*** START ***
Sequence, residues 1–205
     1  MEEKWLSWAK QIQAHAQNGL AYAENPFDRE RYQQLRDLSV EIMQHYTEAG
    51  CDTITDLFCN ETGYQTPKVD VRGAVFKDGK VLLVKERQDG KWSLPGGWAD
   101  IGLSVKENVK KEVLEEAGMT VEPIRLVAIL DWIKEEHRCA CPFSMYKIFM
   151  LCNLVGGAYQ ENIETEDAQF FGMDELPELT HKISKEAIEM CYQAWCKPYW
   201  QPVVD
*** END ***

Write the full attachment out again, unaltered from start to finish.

Sequence, residues 1–205
     1  MEEKWLSWAK QIQAHAQNGL AYAENPFDRE RYQQLRDLSV EIMQHYTEAG
    51  CDTITDLFCN ETGYQTPKVD VRGAVFKDGK VLLVKERQDG KWSLPGGWAD
   101  IGLSVKENVK KEVLEEAGMT VEPIRLVAIL DWIKEEHRCA CPFSMYKIFM
   151  LCNLVGGAYQ ENIETEDAQF FGMDELPELT HKISKEAIEM CYQAWCKPYW
   201  QPVVD